Tag: Blue-Eyed Soul

1983, Music

Colour by Numbers (1983) by Culture Club

I thought I hated Culture Club. And then I heard Kissing to Be Clever, which just shocked the hell out of me. Not the singles but the rest of the album, which was far more diverse and brave than I ever would have imagined from the singles.

1973, Music

These Foolish Things (1973) by Bryan Ferry

A friend of mine told me this album was pretty great. I can’t remember whether or not he said it was one of the great cover albums of all time, but I feel like it was implied if not explicit. And I’ve read elsewhere that it is among them. So my expectations were pretty high, …

1963, Music

In Dreams (1963) by Roy Orbison

If there was one artist I grew up with from the ’50s and early ’60s, it was Johnny Rivers. But if there were two artists I grew up from the ’50s and early ’60s it was Roy Orbison. You see, we listened to oldies radio. But when we didn’t listen to oldies stations, we either …

1973, Music

A Wizard A True Star (1973) by Todd Rundgren

If you’re like me, you wished that Something/Anything?could have been, well, weirder. Or, if not weirder, at least more varied. I personally find that the record doesn’t quite live up to its reputation for weirdness and variety. Well, be careful what you wish for.

1968, Music

Eli and the 13th Confession (1968) by Laura Nyro

I was barely aware of Nyro when I listened to this record – I had heard her name, likely from seeing it listed in credits and mentioned here and there I guess, but I didn’t know what I was in for.

1967, Music

Wild Honey (1967) by The Beach Boys

I am not sure anything could have prepared me for this record, a bizarre left turn from Pet Sounds and Smiley Smile (and Smile presumably) in terms of ambition and overall sound, but also in some ways a logical follow up to Smiley Smile‘s bizarre lo-fi aesthetic. The first record the rest of the band …

1987, Music

Faith (1987) by George Michael

I have never had any desire to listen to George Michael. Nothing about his music has ever really struck me. I find myself listening to this record only because of my podcast. It’s a weird combination of cheese and kitsch with earnestness and bravado. As someone who has only recently started (seriously) listening to music …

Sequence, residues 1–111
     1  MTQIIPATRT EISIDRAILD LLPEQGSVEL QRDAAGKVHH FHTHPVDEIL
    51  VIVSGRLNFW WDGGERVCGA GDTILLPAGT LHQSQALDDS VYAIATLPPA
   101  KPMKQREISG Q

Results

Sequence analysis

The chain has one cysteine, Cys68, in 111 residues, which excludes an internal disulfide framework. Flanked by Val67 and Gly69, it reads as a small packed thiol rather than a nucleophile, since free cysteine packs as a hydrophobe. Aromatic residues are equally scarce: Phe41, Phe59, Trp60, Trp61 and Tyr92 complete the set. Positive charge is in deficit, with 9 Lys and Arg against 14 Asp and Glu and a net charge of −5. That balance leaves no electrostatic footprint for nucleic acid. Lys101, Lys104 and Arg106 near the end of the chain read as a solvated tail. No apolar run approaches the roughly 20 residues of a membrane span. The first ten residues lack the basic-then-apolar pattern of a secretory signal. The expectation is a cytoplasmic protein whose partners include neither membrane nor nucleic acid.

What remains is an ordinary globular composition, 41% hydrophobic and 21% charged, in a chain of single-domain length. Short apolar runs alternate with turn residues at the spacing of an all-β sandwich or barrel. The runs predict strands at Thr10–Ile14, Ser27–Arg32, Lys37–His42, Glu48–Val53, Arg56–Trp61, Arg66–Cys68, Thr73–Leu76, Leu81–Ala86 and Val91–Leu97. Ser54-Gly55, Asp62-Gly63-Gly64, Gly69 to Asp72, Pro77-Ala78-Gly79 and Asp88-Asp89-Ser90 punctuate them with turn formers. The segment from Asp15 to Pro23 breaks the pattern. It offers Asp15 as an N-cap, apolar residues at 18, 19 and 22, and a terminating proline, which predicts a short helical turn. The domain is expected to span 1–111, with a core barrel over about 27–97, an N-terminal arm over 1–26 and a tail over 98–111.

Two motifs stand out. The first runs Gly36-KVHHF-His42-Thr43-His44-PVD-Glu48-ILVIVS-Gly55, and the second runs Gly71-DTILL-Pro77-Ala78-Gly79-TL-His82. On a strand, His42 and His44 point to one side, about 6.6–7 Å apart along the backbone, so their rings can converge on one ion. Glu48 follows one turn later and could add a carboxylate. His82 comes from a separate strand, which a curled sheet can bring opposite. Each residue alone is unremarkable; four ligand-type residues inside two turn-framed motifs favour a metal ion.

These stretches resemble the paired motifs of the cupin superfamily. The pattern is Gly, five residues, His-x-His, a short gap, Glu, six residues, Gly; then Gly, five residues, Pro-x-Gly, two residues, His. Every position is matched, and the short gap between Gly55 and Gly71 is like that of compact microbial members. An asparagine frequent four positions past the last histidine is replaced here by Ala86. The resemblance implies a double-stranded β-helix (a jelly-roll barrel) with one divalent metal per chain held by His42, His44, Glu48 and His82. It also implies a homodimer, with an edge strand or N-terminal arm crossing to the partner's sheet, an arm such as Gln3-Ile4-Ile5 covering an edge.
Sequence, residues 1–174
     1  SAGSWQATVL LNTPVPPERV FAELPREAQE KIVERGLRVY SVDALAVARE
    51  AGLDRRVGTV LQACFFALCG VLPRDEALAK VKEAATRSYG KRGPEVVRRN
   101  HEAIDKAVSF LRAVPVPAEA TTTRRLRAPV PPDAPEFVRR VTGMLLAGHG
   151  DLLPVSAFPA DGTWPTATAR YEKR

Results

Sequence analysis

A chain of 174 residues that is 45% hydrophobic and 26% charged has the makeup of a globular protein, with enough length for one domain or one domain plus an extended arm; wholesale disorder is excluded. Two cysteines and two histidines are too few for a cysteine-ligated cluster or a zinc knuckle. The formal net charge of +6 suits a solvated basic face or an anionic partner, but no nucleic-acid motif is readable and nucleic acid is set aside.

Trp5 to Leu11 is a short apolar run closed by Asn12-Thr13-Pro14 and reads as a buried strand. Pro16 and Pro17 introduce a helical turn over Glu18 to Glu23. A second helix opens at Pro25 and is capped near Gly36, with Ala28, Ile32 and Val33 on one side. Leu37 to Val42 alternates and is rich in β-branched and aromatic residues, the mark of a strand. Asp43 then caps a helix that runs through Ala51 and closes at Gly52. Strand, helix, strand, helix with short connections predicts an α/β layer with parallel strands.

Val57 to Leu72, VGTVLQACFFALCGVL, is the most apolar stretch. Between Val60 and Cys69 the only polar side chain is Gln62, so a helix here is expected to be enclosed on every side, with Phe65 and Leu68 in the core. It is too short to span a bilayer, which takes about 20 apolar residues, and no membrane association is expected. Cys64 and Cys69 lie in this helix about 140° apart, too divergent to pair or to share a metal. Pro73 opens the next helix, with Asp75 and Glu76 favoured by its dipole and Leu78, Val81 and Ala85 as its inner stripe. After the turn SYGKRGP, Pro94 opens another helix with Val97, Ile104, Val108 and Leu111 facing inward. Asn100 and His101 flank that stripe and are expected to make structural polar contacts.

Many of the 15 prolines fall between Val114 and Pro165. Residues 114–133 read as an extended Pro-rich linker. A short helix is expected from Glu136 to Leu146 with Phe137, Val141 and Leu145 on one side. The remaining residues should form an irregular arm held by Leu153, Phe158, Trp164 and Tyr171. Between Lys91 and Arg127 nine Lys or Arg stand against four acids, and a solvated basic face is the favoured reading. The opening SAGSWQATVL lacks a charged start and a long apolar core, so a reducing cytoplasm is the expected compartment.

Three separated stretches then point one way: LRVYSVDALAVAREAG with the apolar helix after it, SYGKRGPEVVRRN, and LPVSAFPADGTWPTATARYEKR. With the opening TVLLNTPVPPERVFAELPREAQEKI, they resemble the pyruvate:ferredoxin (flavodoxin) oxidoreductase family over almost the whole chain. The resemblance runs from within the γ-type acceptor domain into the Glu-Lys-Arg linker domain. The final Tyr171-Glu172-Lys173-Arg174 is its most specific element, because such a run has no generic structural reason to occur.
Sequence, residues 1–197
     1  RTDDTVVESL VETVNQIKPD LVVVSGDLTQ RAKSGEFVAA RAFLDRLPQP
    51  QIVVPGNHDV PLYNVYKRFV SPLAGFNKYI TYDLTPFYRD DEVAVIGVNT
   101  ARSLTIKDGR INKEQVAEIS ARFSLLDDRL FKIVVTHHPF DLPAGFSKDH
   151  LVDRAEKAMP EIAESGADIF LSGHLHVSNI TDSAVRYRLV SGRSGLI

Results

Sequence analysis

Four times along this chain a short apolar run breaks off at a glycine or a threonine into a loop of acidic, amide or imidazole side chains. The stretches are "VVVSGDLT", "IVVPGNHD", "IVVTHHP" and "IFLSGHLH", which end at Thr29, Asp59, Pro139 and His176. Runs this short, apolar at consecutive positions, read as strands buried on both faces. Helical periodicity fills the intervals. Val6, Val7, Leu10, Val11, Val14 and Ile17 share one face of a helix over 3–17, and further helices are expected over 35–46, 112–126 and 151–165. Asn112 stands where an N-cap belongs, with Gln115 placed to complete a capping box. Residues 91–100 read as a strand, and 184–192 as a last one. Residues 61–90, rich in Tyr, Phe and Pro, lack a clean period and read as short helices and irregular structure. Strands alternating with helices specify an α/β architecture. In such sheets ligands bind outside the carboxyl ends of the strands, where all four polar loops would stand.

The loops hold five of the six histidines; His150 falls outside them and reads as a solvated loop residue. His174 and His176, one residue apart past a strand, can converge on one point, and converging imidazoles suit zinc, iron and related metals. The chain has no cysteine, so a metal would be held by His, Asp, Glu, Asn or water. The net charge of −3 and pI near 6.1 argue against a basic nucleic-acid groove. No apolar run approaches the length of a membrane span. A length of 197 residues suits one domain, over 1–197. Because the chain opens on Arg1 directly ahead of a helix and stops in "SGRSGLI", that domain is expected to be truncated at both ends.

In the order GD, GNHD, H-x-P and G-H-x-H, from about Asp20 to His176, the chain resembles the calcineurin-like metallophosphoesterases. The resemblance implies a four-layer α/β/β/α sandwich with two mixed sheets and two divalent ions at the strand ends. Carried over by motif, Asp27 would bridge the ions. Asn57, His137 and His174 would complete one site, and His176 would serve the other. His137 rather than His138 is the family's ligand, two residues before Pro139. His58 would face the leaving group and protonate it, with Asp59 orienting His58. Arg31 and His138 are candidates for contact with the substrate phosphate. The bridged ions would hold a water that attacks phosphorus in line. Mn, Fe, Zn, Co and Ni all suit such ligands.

1982, Music

Kissing to be Clever (1982) by Culture Club

I am a real completist. Even though I have been working hard against the impulse as an adult, more often than not the impulse wins out. So, for my podcast, I find myself listening to music I never would have bothered with, because it’s the anniversary of a particular record. Most of the time, my …

1977, Music

Pacific Ocean Blue (1977) by Dennis Wilson

Full disclosure: I did not want to listen to this. I don’t love The Beach Boys and have generally been annoyed by the Brian Wilson-worship that has bubbled to the surface over the last few decades. Of all the likely listeners of this record, one would expect me to be among the least fair.

1972, Music

Saint Dominic’s Preview (1972) by Van Morrison

When Morrison is on he is like few other performers and songwriters – he creates this seemingly effortless blend of so many things that we never would have expected would go together and he makes it all sound organic, as if his genre-blending was the most normal (and obvious) thing in the world.

1992, Music

Diva (1992) by Annie Lennox

I am generally opposed to albums dominated by “modern” (read: contemporary) instrumentation. I hate bad 80s (and 90s!) synthesizers and generally do not like music that is made primarily by these instruments. Things that sound modern once do not normally sound modern later and that is a huge issue with so much of the pop …

1971, Music

Tupelo Honey (1971) by Van Morrison

Before I heard Astral Weeks, I had an idea of Van Morrison and what he sounded like (without listening to him). And this album is what I was thinking of. I’d never heard it, but it’s pretty much what I expected from Astral Weeks. I guess that’s why this one is disappointing. “Pleasant” gets thrown …

1971, Music

New York City You’re a Woman (1971) by Al Kooper

Al Kooper fascinates me. He had a bizarre career: writing a hit pop song, becoming Dylan’s keyboardist, turning into a jazz rock pioneer and then having a career as a record producer. But despite my fascination, this is the first proper solo album of his I’ve heard. Maybe I’m disappointed because I was expecting something …